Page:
No one willingly pays more for anything than they should. But in the world of leasing cars, that can be a hard figure to pinpoint. So what defines a good deal? There a few factors to consider.
Negotiating the Sales Price
There is a common misconception that when leasing a car, the sales price is non-negotiable. In fact, the sales price is one of the most critical pieces of the puzzle for getting a good deal on a lease! Every manufacturer has different profit margins, and those margins change over time. The MSRP is the Manufacturer’s “Suggested” Retail Price and this is what the manufacturer suggests the public will pay for their vehicle. In some instances, the dealership disagrees with the manufacturer and deems that the car will sell for more than that sticker price. However, most people wind up with some kind of discount on that number. Every car has an invoice price as well, but in the car business, the invoice has a different meaning.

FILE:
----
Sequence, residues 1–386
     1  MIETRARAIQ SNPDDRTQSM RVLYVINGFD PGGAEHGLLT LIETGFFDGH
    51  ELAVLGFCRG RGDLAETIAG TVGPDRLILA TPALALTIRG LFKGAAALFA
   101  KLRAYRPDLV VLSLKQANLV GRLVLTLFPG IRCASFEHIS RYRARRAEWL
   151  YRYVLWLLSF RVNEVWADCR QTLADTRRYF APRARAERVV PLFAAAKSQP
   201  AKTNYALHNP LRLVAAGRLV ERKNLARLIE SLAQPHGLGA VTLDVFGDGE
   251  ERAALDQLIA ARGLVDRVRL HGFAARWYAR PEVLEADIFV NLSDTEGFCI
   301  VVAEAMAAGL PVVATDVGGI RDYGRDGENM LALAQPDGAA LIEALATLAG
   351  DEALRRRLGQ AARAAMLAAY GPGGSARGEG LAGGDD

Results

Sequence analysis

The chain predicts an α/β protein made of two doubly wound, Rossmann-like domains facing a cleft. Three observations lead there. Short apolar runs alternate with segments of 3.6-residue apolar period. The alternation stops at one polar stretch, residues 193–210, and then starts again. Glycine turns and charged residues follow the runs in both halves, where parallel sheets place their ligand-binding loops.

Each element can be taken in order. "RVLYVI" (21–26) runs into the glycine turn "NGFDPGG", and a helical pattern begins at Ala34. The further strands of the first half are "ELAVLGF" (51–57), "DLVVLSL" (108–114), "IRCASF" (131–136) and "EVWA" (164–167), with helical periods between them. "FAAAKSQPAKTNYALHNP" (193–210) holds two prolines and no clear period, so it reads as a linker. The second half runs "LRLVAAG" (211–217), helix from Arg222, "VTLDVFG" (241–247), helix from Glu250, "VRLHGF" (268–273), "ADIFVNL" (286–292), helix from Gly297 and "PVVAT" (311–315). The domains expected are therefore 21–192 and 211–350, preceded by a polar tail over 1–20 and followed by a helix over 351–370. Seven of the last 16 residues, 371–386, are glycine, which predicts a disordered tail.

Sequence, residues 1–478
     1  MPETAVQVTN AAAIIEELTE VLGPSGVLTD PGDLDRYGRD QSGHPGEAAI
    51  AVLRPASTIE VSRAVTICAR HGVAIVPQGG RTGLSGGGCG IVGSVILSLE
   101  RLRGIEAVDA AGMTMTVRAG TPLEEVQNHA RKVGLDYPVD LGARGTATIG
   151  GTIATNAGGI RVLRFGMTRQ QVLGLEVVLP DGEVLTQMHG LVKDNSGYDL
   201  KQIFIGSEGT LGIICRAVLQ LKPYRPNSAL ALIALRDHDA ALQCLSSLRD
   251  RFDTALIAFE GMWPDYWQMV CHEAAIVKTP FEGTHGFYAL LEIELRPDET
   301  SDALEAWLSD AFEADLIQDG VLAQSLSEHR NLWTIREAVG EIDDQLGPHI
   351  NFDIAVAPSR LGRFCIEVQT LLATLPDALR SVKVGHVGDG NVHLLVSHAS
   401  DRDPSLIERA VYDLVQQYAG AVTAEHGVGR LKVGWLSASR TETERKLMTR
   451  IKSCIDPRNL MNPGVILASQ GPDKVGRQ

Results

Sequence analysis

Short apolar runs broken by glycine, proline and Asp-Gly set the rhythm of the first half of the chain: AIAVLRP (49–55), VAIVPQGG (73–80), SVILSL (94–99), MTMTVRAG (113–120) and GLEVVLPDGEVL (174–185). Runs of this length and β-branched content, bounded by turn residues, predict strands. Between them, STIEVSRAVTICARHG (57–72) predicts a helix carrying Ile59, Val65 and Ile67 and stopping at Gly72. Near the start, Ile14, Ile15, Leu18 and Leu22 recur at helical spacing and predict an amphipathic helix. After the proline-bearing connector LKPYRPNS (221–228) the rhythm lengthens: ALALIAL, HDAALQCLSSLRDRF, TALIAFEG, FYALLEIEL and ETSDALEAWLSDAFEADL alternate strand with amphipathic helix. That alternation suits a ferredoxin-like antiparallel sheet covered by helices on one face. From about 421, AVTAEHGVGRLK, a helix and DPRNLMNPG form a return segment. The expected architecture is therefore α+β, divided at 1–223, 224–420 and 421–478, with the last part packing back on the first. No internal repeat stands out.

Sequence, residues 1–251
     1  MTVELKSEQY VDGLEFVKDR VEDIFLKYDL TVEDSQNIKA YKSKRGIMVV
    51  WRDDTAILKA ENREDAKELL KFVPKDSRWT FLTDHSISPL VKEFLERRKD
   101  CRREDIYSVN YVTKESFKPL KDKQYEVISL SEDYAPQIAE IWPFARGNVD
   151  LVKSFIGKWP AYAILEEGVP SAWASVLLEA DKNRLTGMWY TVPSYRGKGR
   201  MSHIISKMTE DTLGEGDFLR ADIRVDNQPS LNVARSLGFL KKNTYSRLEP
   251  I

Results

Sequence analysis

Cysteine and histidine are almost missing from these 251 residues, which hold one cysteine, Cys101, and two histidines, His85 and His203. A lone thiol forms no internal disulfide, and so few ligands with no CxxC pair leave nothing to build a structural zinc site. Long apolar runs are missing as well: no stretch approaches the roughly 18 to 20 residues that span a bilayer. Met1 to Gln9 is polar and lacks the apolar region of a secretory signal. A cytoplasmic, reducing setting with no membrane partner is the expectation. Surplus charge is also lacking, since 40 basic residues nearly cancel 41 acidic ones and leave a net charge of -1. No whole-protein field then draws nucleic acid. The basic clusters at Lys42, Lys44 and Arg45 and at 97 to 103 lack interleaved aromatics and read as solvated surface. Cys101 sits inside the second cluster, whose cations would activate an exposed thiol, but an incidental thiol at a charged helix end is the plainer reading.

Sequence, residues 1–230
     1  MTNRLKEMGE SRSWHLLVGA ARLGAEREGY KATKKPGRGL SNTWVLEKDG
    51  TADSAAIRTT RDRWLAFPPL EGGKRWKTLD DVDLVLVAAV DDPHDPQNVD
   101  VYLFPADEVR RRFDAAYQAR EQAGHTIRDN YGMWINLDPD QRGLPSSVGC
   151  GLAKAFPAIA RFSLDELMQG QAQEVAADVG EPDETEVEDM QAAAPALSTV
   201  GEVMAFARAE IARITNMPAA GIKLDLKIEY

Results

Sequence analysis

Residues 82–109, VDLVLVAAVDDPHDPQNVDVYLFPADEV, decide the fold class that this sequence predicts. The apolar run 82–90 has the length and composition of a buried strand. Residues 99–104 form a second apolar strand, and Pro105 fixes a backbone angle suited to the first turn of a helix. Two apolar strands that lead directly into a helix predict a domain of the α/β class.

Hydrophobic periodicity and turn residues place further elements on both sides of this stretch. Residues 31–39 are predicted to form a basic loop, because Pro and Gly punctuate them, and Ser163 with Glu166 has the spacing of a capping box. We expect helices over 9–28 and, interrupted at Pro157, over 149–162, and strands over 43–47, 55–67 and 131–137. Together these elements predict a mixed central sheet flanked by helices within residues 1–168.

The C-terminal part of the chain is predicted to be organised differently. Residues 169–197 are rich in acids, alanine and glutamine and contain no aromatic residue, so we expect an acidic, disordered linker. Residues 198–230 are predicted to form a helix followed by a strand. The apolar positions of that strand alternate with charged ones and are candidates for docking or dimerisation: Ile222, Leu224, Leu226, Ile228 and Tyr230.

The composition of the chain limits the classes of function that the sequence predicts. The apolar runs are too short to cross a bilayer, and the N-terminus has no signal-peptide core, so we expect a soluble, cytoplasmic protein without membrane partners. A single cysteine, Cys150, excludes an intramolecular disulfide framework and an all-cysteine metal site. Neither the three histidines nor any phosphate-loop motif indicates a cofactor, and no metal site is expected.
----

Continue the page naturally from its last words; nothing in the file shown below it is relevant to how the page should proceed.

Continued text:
Each dealer first buys its inventory from the manufacturer, and the invoice price is the amount the dealer paid for the car. What many people don’t realize however is that the manufacturer also sends its franchise dealers additional funds called holdback. Holdback is a percentage of either:
- The full MSRP of the car sold
- The full invoice price of the car sold
- The “base” model MSRP, not including added equipment or packages on the vehicle
- The “base” model invoice price, not including added equipment or packages on the vehicle
Be prepared that you will get some flak for trying to negotiate on the holdback, but be aware that it exists. Most dealers are not willing to negotiate on that number.